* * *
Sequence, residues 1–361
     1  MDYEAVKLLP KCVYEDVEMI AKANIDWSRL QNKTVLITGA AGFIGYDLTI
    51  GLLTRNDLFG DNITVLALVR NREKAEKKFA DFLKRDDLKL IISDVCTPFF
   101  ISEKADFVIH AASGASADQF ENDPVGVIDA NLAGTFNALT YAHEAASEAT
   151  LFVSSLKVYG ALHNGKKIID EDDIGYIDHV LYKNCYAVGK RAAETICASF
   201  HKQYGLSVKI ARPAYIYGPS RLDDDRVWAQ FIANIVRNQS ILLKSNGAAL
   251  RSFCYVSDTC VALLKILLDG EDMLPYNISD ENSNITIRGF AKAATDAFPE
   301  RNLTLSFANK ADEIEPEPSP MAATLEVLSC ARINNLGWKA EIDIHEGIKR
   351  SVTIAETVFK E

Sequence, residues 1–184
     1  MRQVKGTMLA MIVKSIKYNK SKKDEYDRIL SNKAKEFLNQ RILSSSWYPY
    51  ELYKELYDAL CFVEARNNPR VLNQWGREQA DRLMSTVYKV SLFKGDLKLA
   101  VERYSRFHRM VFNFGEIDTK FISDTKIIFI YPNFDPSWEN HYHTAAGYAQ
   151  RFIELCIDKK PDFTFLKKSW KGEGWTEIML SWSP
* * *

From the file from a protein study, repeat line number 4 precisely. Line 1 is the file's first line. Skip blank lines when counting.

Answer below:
   101  ISEKADFVIH AASGASADQF ENDPVGVIDA NLAGTFNALT YAHEAASEAT